In early fall -- way back during the first weeks of September -- I had the chance to catch up with some folks from the Basware team in London to learn more about the software provider's new offerings and strategy for 2010. I followed up with them again the following month, when I also conducted a detailed customer-reference call. During these discussions, it became quite clear to me that this was an organization with a really well thought-out strategy for capturing a larger percentage of the market for invoice automation/EIPP in 2010 and beyond. Moreover, it also became apparent that Basware was embracing a more open approach than most, one that places particular emphasis on connectivity partners to further improve the overall value proposition to prospects and customers. Starting today, I’ll tackle this topic in a series of posts highlighting the evolution of Basware’s strategy, and the types of results customers are seeing as a result of the products it has released to date.
In this first column in the series, I’ll provide some context behind some of Basware’s new capabilities and approaches to invoicing connectivity, not to mention sharing some illustrations about how Basware customers and suppliers are bridging the connectivity divide. But let me first say that my delay in getting this material up on Basware does not reflect its importance relative to other issues; I’ve simply gotten bogged down the past few months with all the vendor briefings and reference calls that I’ve had to work through. Moreover, if anyone ever suggested that Spend Matters sponsors get special treatment, this is proof that they most certainly do not, as my delay in sharing the latest news out of Basware and my thoughts on the subject shows. But enough background; let’s dig in.
For those who aren’t familiar with Basware, the company now counts over 1,500 organizations as clients. While many of these are headquartered in Europe, the company continues to invest globally, including significant expansion in North America. As of June, Basware was up to 750 employees globally and had 2008 sales of roughly $121M US ($130 million given current exchange rates), and I would expect a greater number in 2009. Basware's core strength really is what I describe as the "second P" in P2P. But in this case, the second P is not just "payment"; rather, it includes all the processes and workflows associated with automating the invoicing- and working-capital-management processes.
Basware also has solutions across the Spend Management spectrum including eProcurement, but where it really shines is in the downstream aspect of P2P. Interestingly, Basware’s latest financial breakdown suggests that its hottest growth area falls under what it describe as Automation Services (not professional services, mind you). Automation Services refer to all the back-office plumbing and enablement associated with driving throughput and visibility across a customer's e-invoicing environment.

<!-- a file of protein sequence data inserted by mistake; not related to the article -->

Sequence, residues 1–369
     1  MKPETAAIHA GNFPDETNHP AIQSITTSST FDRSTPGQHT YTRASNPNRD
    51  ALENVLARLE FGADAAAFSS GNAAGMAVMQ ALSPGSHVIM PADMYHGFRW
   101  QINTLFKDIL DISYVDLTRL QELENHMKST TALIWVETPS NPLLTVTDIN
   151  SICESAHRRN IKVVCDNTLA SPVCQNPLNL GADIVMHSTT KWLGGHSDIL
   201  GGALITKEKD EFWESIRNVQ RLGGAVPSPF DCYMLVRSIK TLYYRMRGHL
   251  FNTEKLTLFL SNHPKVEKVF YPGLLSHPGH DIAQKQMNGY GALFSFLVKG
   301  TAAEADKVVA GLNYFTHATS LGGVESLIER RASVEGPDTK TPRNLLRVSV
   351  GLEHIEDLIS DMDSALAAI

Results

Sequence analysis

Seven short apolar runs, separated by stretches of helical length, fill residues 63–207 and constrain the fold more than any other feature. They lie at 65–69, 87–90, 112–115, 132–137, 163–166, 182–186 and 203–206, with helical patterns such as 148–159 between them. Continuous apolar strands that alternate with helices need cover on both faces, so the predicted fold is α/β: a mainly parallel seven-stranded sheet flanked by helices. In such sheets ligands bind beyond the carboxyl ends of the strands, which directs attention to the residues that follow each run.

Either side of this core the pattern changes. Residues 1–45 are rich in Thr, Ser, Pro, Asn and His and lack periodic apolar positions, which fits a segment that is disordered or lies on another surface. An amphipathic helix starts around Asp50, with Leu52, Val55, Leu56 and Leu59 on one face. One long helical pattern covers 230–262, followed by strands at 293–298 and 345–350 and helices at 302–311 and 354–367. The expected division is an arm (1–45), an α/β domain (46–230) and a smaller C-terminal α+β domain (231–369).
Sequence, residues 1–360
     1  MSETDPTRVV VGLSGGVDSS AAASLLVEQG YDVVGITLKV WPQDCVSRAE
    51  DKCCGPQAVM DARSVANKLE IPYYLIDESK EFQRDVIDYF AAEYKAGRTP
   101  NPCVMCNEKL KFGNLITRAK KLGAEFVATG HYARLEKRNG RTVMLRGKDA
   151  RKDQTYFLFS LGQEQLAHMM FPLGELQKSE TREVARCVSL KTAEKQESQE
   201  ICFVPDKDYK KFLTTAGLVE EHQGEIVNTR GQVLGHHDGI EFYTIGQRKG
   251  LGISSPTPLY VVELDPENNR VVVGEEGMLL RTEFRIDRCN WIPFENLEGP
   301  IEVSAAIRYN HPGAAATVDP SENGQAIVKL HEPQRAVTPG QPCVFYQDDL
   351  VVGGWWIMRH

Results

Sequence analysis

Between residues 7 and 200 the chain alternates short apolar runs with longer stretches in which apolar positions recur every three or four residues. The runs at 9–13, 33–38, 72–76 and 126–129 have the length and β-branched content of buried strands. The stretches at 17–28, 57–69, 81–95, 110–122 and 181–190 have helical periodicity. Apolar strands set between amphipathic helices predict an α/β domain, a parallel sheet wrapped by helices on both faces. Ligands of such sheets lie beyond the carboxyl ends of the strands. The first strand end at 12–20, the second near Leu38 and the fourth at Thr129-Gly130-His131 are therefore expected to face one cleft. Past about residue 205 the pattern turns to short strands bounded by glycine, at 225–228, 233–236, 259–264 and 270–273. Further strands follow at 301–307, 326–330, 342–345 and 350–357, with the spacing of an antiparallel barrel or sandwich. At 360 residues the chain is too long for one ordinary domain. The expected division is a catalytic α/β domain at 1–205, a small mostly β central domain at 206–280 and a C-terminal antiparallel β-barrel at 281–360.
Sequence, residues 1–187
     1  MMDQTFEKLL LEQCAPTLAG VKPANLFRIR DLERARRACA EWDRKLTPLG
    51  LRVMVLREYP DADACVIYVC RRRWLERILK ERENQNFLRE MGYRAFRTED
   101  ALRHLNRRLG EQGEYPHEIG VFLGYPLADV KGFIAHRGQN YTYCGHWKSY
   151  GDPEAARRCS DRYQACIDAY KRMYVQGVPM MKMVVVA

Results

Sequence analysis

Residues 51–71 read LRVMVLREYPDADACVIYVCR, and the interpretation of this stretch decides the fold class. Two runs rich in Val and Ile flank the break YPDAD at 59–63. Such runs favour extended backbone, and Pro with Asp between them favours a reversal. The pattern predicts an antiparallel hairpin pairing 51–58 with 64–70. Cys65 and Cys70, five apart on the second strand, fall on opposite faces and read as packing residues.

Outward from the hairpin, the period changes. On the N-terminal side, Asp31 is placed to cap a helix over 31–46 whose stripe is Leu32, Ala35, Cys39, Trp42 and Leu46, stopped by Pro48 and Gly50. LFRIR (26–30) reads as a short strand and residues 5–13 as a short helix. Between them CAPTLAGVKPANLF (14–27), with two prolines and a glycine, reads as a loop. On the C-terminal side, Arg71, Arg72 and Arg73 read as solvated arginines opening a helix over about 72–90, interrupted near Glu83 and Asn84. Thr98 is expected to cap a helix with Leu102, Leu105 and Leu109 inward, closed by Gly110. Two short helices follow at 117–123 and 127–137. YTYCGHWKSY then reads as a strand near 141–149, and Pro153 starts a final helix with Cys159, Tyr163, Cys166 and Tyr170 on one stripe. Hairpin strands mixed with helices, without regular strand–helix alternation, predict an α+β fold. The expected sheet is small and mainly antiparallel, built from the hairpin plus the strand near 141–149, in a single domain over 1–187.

The enterprise beneficiaries of these capabilities go beyond just procurement and finance (from a working-capital perspective). Rather, when companies have the ability to marry an integrated requisitioning-to-settle process with matching, approval, workflow, and visibility throughout the entire process, it enables the ability to drive to near 100% automation, eliminating paper even in highly complicated, cross-border environments. And by enabling such an environment equalizing for the lowest common denominator (i.e., smaller suppliers comfortable only in a paper world) using outsourced services (e.g., scan/capture), it becomes possible to move to a completely electronic environment as soon as a company is ready vs. waiting for its suppliers to hop on the digital invoicing bandwagon. This in turn reduces business risk by letting internal audit and risk-management teams better understand their overall exposure, which might start with a phased view into payment liabilities, but might also include supply risk based upon supplier invoicing, accuracy, and discount-behavior patterns.
Basware’s current invoice automation is based around what it describes as a packaged application for handling both PO and "orderless” invoices. It includes a range of connectivity and integration capabilities (e.g., preconfigured integration hooks to 200 different ERP environments). But beyond this capability, Basware is making a large push into the connectivity-services arena, aiming at both the e-invoicing and e-procurement markets. It provides, in its words, a single “pipe” for all invoices as well as global coverage and interoperability through a network of partners via Basware Connectivity, the name of their new new solution in this area.
On the surface, Basware’s Connectivity network may seem similar to those of its competitors such as Ariba, Oracle, Perfect, and Hubwoo (not to mention many others). These all provide a way of driving connectivity and document exchange/management outside of an expensive point-to-point EDI environment, but where Basware begins to look different is that it is not pitching its own network as an island. Rather, it is positioning it as a true hub-and-spoke model that interoperates with all of the key existing invoicing operators in different regional markets. Closed networks, in contrast, lack the same level of data connectivity, provide limited automated data-conversion services (between standards), and force a single point of connection between buyers and suppliers. This creates additional workstreams for both sides of the trading equation, who are most likely already connected to existing networks and invoicing-services providers.
What are the advantages and potential disadvantages of this for Basware customers? Check back and read Part 2 of this series next week to find out.
- Jason Busch